By Robert E. Macdonald
Mayor of Lewiston
Last week while at breakfast, I had a conversation in which the following was related to me. A breakfast buddy gave his car keys to his kids, instructing them to unlock the car door and wait for him in the vehicle.
They went to the car returning a minute or two later. They told him they could not unlock the vehicle door. It turned out that the car battery was dead, thus rendering the remote door opener inoperable. It apparently never entered the kids’ minds to use the attached key to manually unlock the door.
Once the word of the incident got out, the family was overwhelmed by big-name college recruiters. They felt the lack of traits shown by these youngsters reflected what they were looking for in their college students.
Okay, the preceding paragraph never happened. But would you be surprised if it did?
Today many college students run amok on campuses throughout this country. They are allowed to dictate policies they have concluded, from watching “Sesame Street” and “Dora the Explorer,” will meet the needs of other like-minded students.
But what is most alarming is that the “adults,” a.k.a. the school administrators, hired to preserve order and decorum at the institutions sorrowfully failed to fulfill their duties. They act and resemble mothers and fathers who are eager to be their child’s friend—not their parents.
College is touted as a place where parents send their mushy-brained child in order to have their young minds gel, not liquidize. In the past, college and universities introduced students to ideas found on both sides of the coin. These would be debated, thus allowing students to examine and process each side in order to arrive at a conclusion.
But with progressive academia in control, these institutions now resemble the Fidel Castro Cuban-style educational system in which the state controls which ideas are presented. This is known as the “The Art of Persuasion” or in everyday street and coffee shop language: brainwashing.
Without institutions of higher learning, our country would have never obtained or achieved our current place in the world community. But over the past seven years, many of these institutions have evolved into the equivalent of nursery schools where students are treated like children, not young adults. They have anxiety attacks, excessive absences from class and cannot deal with basic daily problems.
When parents continue to fork over excessive tuition while their child does a “Benjamin Buttons,” it causes you to wonder if this could be a long-term effect of past drug use.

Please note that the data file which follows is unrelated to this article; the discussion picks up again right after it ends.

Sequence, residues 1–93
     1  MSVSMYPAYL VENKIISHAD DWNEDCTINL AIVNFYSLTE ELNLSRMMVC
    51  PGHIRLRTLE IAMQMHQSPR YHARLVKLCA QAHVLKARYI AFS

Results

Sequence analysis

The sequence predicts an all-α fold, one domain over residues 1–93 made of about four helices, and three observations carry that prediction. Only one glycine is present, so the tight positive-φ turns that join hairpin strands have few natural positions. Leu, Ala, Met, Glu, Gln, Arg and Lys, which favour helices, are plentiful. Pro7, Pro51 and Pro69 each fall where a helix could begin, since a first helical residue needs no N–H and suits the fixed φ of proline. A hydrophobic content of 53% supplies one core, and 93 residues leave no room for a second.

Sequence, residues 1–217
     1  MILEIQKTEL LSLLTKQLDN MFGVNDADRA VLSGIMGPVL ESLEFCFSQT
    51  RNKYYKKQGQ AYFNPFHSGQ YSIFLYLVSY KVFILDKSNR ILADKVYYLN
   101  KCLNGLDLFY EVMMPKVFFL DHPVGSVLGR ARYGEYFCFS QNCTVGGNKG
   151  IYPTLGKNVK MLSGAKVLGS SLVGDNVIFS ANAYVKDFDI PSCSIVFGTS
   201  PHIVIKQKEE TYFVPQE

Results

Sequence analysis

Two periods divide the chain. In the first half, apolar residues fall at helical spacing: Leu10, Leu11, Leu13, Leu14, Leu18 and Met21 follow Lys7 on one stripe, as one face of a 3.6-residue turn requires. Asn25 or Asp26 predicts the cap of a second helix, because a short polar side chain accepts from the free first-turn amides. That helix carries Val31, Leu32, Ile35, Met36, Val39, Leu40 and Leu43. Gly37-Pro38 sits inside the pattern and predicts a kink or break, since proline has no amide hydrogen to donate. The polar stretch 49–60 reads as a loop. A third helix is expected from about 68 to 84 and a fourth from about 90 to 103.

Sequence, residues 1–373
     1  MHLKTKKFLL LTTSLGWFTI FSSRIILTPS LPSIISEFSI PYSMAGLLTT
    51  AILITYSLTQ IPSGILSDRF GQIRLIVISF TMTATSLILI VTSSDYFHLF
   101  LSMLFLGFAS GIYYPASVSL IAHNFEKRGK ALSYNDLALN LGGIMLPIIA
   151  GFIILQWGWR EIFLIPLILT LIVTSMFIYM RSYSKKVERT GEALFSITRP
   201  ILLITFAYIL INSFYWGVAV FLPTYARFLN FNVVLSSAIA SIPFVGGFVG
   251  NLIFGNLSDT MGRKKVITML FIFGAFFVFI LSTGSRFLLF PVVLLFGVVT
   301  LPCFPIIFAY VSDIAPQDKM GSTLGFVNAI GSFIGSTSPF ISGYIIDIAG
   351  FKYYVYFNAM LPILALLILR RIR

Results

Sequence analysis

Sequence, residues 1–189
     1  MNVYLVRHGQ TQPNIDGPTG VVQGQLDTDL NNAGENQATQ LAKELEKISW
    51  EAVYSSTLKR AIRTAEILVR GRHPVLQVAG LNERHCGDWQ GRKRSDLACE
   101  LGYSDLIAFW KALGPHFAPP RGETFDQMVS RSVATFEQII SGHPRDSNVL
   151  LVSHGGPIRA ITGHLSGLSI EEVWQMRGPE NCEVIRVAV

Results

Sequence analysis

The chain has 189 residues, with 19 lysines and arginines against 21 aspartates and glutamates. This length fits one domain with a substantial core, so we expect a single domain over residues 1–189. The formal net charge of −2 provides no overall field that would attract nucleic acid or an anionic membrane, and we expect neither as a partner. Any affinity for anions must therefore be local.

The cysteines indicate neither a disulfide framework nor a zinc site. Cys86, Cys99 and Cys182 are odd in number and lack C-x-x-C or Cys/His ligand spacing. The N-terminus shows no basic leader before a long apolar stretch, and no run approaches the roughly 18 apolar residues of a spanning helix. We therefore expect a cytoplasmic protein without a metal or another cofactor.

Several years ago, Secretary of State John Forbes Kerry addressed a group of college students. Sounding and doing his best to convey the persona of a Boston Brahmin from Beacon Hill, he imparted the following advice to those assembled: “You know education if you make the most of it, you study hard, you do your homework and you make an effort to be smart, you can do well. If you don’t, you’ll get stuck in Iraq.”
Thus we find ourselves facing a conundrum. Do we want a society made up of high school graduates that keep our cities and businesses running? They are the fire, police and military personnel that provide the security that keeps us safe. Or do we want a society of whiney, Play-Doh-wringing, hot chocolate-sipping, flag-burning, Safe Space-seeking neurotic adolescents who fold under the least bit of pressure?
If memory serves me, when the Vietnam War was raging and colleges and universities were busting at the seams with males trying to avoid military service and the Vietnam War, Kerry ended up in the Navy and also Vietnam. Thus apparently proving in his own words he definitely was not the brightest bulb from the 1960s on.
This year, the annual college spring event known as graduation will see two changes. First, all parents will be presented with a “Grateful Appreciation Certificate,” noting the amount of money donated to the college in order to get their child to graduation.
Second, the graduates will line up to receive from the faculty a hardy congratulatory handshake and a certificate of participation in lieu of an academic degree.